• For explaining diffusion in condensed matter.
• For solving the model of disease dissemination in Mathematical Epidemiology.

FAQs (Frequently Asked Questions)

1. What are the Factors Affecting the Rate of Chemical Reactions?

• Concentration: The reaction rate increases with an increase in the concentration of reactants.
• Pressure: Pressure influences gaseous reactions. These can be categorised as three types of gaseous reactions:
• Reactions With an Increase in Volume: For reactions that are accompanied by an increase in volume, a reduction in pressure increases the rate of reaction.

Example: PCl5(g)  ⇌  PCl3(g) + Cl2(g)

• Reactions With a decrease in Volume: For reactions that are accompanied by a reduction in volume, an increase in pressure increases the rate of reaction.

Example: N2(g) + 3H2 ⇌ 2NH3 (g)

• Reactions with No Change in Volume: Reactions, where volume remains unchanged are independent of changes in pressure.

Example: H2(g) + Cl2 ⇌ 2HCl (g)

• Temperature: In general, reaction rates increase with an increase in temperature.
• Catalysts: Catalysts increase the reaction rate.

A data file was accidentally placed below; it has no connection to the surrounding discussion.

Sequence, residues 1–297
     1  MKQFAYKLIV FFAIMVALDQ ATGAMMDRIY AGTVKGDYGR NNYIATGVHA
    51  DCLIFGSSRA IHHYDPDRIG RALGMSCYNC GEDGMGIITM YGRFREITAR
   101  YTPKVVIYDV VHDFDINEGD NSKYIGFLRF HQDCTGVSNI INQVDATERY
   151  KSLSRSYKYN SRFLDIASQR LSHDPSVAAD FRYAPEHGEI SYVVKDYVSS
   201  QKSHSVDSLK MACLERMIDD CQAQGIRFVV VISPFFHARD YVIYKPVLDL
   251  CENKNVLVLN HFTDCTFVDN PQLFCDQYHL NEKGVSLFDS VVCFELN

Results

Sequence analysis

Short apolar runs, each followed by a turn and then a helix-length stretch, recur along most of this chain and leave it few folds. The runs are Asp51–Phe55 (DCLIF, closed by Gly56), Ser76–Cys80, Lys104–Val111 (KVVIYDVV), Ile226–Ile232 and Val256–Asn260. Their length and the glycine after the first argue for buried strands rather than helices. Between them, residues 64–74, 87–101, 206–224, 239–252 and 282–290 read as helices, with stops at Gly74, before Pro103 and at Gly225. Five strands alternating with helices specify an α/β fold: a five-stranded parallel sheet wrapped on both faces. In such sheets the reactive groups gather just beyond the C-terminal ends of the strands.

• Particle size: Solid reactants in powdered form provide a greater surface area to increase the reaction rate.

2. What is Le Chatelier’s Principle of Chemical Equilibrium?

Le Chatelier’s principle states that for reactions that are in dynamic equilibria, changes in concentration, pressure, or temperature shifts the position of Equilibrium to counteract the change and to establish a new Equilibrium state.

• Concentration:Increasing the reactant concentration of a system will shift the Equilibrium towards the right, forming more products. Conversely, reducing the concentration of the product(s) will also shift the Equilibrium towards the right.
• Pressure: If the volume of a system decreases, or pressure increases, the Equilibrium will shift in the direction that involves a lesser number of moles of gas. Similarly, if the pressure decreases and the volume of the system increases, the Equilibrium will favour the side that produces more number of moles of gas.
• Temperature: For endothermic reactions, an increase in temperature will shift the Equilibrium to the right. Conversely, for exothermic reactions, increasing the temperature will shift the Equilibrium to the left.